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What June 2019 Semiconductor Earnings May Have in Store

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Semiconductor companies are set to report their June 2019 quarter earnings beginning in the third week of July. This will be the first earnings after the United States-China trade war escalated. Earnings will reflect the impact of the US trade ban on Huawei and the 25% tariff on $200 billion worth of Chinese imports.

How was the March 2019 quarter for the semiconductor industry?

The March 2019 quarter was a tough one for the semiconductor industry with almost all companies reporting significant declines both YoY and sequentially. Xilinx was the only exception. The first quarter is seasonally weak for the semiconductor industry as the holiday season sales end. However, the March 2019 quarter reflected above average seasonal weakness as the tariff war between the United States and China included semiconductor components. The semiconductor industry also suffered from excess inventory and weak consumer demand.

Despite weak earnings, the VanEck Vectors Semiconductor ETF (SMH) made a new high of $120.7 near the end of April over the anticipation that growth will pick up in the second half. However, the trade war escalated in May dampening hopes of a rebound in the second half. The SMH declined 5.6% from its all-time high.

The June 2019 quarter’s earnings season will begin with TSMC and Texas Instruments. Their earnings are a barometer to gauge the semiconductor industry’s health because of their broad portfolio. Some market leaders like Intel, Advanced Micro Devices, Qualcomm, Samsung, and Xilinx will also report their earnings. Intel and AMD will benefit from higher PC sales. On the other hand, Samsung and Qualcomm will likely lose from slower smartphone sales. Samsung even lowered its second-quarter guidance ahead of earnings. Western Digital and Lam Research might report significant declines due to the weaker-than-expected memory market.

What should investors look for in the June 2019 semiconductor earnings?

Investors, especially semiconductor investors, should look out for the following points in the upcoming earnings.

  • Revenue growth: The semiconductor industry is likely to witness demand weakness throughout the year because of the trade war. The revenue is expected to hit the bottom in the June 2019 quarter and start growing in the September 2019 quarter. Thus, most chip companies are likely to report YoY declines and sequential growth in revenue in the June 2019 quarter. Many chip companies might refrain from giving full-year guidance due to the changing policies amid the trade war.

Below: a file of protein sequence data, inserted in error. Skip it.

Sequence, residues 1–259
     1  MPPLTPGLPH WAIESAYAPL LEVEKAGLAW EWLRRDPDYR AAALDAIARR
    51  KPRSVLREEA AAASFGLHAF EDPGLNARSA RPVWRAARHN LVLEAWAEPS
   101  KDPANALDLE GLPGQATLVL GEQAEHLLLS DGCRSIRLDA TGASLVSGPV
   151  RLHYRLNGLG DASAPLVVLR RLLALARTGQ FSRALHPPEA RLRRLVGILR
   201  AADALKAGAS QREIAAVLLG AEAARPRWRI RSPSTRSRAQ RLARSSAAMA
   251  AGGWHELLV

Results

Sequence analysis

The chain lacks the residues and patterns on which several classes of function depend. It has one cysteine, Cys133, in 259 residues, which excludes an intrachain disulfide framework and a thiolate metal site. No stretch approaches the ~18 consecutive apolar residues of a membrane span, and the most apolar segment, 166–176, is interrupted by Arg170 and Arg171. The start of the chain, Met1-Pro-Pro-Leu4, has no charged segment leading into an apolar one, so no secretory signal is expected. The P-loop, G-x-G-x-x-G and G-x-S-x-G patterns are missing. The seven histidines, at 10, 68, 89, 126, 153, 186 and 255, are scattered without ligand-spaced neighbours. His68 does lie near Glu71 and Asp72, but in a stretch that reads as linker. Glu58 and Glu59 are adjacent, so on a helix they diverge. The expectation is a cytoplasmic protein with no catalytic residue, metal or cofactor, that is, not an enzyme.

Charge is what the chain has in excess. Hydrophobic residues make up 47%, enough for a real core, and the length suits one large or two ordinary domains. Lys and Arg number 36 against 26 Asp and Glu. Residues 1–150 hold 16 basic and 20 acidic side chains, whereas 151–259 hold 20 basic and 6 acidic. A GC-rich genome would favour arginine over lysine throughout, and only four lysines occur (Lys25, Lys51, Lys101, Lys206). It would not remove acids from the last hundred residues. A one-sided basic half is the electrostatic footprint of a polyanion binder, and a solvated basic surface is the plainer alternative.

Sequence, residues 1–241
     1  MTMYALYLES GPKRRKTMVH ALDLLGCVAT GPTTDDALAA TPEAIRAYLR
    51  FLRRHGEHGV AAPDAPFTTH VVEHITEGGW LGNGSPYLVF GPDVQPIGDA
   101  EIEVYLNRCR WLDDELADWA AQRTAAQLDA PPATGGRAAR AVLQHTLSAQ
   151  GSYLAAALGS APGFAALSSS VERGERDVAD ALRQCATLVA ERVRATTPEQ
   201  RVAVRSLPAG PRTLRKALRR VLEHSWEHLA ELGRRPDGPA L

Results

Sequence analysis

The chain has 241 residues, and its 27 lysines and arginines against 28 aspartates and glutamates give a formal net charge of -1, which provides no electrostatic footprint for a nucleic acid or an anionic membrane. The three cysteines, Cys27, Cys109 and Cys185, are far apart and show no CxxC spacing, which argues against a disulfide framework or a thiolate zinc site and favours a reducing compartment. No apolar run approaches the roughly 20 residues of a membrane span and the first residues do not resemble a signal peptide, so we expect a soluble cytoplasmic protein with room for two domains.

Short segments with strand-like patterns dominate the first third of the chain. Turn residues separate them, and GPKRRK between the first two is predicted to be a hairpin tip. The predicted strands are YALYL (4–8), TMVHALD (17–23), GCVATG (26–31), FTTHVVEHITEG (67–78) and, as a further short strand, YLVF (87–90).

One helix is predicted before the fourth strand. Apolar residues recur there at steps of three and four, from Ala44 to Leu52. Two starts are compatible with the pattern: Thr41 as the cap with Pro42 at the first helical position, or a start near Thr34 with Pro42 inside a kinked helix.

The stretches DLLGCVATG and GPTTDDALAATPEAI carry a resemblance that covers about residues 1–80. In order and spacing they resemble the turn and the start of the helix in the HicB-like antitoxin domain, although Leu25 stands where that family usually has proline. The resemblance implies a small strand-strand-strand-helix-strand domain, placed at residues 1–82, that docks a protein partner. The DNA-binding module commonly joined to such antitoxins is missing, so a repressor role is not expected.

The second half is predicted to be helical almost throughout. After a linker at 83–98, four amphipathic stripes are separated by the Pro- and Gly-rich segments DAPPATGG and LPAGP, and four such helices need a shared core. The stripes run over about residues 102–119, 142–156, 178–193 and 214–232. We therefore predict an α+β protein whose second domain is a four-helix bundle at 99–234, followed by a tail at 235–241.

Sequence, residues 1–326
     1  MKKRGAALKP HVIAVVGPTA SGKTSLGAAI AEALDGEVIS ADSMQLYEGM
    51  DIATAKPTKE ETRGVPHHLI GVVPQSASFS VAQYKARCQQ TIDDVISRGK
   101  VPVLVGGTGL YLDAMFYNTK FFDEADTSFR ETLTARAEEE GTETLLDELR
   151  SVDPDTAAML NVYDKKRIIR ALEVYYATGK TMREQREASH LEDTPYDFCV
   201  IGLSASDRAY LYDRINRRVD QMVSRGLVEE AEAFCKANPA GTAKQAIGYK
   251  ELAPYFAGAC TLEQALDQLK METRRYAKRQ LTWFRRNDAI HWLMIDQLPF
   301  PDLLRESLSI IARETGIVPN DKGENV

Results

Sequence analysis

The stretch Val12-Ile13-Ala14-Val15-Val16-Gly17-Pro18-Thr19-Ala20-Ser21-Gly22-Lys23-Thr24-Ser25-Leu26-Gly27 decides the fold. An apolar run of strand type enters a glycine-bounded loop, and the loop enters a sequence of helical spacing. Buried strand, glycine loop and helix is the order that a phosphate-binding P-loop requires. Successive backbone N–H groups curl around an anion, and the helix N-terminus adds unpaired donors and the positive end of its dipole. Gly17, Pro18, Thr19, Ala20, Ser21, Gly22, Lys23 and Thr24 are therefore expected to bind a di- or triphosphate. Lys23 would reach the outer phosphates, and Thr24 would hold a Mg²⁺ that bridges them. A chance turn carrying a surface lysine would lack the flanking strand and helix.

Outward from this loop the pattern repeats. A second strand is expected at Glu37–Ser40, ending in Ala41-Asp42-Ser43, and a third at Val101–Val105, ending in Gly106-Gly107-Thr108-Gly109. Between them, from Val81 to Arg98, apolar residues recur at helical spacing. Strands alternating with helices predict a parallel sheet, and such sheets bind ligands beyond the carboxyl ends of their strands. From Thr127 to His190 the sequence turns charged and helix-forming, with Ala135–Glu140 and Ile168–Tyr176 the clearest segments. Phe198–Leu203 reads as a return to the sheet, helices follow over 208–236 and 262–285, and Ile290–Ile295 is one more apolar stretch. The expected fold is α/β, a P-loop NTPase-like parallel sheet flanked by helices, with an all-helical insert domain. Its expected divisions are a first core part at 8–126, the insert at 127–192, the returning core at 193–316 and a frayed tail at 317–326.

• Impact of Huawei ban: Many chip companies with large exposure to Huawei slashed their June 2019 quarter revenue guidance. Although the United States has eased the ban on Huawei, each company will see a different impact as the government will review each case separately. Thus, investors should look for each company’s commentary on the impact of the Huawei ban on their business.
  • Gross margin: Many manufacturers slowed their production due to demand uncertainty created by the trade war. Some US-based companies having manufacturing operations in China are shifting their operations elsewhere to avoid tariffs. A slowdown in production and adjustments in the supply chain would negatively impact the gross margins of a company.
  • Inventory levels: The semiconductor industry was plagued by high inventory levels due to weak demand from the last year’s holiday season. Chipmakers moved to absorb their inventory in the first half. Micron Technology, in its latest earnings, stated that its customer inventories are beginning to reduce, indicating an uptick in orders in the second half.

How will the semiconductor stocks react to earnings?

The semiconductor stocks declined significantly in May on the escalated trade tensions. These stocks are rising once again ahead of the earnings over the anticipation of a growth rebound in the second half. This time, investors’ growth expectations are lower than their previous expectations. If companies’ earnings and guidance beat investors’ expectations the stock will rise. If companies’ earnings and guidance miss investors’ expectations, the stock will likely fall.

Buckle up for some major ups and downs in the stock market in the next two to three weeks.

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